Picture a roiling sea off the coast of northern New England, foaming with white caps with waves crashing onto a rocky shore. Then imagine yourself just a few yards offshore, diving down and being able to both find and capture a snail, crab or barnacle as the water bounces you up and down and sideways. Harlequin Ducks (Histrionicus histrionicus) not only choose this turbulent habitat in the winter, but embrace it in the summer when they seek out fast-flowing white water rivers and streams on which to breed. Cornell Laboratory of Ornithology states that the Harlequin Duck’s ability to swim and feed among the boulders of a raging river is unmatched. Small wonder that they have been found to have more broken bones than any other species!
According to birdsoftheworld.org, the Harlequin Duck’s name derives from a character of traditional Italian comedy and pantomime, the harlequin, who appeared in costumes of multicolored triangular patches and displayed histrionics (tricks) – note scientific name of genus and species. They are also known as sea mice, due to their squeaky vocalizations when interacting with each other.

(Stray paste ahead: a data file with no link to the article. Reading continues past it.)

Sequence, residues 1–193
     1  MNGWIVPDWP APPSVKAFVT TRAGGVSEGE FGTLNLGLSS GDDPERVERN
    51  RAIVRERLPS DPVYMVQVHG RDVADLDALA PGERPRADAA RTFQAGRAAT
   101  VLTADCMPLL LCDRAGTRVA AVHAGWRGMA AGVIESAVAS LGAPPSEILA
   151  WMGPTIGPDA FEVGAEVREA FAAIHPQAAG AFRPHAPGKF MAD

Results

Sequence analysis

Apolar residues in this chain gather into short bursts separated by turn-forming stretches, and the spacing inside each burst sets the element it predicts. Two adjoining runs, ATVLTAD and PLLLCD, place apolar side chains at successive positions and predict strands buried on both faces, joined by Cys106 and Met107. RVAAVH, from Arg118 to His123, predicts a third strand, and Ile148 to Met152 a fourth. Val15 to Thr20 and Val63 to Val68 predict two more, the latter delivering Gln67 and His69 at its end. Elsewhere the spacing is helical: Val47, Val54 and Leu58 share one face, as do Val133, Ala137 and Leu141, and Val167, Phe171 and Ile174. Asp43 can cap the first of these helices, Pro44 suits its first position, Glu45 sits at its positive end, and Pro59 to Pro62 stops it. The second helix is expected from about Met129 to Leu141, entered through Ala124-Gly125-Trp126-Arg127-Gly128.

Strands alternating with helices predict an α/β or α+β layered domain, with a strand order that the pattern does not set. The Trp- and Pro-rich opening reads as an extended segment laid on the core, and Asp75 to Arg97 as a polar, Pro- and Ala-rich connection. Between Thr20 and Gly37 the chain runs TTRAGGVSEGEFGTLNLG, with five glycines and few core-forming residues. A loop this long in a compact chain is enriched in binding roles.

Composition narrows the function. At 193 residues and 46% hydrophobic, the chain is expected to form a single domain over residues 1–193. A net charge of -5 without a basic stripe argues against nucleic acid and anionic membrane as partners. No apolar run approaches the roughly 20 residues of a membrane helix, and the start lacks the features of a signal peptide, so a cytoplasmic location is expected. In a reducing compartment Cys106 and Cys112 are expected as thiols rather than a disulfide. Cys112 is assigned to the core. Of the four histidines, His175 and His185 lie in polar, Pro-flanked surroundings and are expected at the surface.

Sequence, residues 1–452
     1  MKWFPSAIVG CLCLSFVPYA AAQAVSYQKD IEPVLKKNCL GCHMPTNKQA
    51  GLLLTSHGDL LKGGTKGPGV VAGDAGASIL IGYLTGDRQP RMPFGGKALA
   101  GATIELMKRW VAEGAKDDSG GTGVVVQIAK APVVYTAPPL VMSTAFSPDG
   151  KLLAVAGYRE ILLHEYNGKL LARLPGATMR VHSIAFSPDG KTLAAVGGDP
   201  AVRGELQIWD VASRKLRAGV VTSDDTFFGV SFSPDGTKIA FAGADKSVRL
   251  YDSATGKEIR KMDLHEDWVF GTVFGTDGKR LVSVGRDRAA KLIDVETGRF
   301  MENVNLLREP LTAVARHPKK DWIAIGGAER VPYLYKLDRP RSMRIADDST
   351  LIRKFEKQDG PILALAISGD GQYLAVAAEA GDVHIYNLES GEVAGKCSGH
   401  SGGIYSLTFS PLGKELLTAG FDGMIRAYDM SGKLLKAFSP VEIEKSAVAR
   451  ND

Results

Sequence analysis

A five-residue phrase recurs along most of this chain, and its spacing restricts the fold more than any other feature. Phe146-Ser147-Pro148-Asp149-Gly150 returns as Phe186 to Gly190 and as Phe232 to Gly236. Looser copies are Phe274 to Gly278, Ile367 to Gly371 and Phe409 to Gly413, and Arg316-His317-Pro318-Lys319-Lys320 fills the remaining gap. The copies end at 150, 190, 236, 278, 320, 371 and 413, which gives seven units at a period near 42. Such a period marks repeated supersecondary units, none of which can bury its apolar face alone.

Sadly, the East Coast wintering population is estimated at no more than 1,500 and this species has been listed as Endangered in Canada. (Photo: from left to right – two females, two males and a female Harlequin Duck mid-wave)
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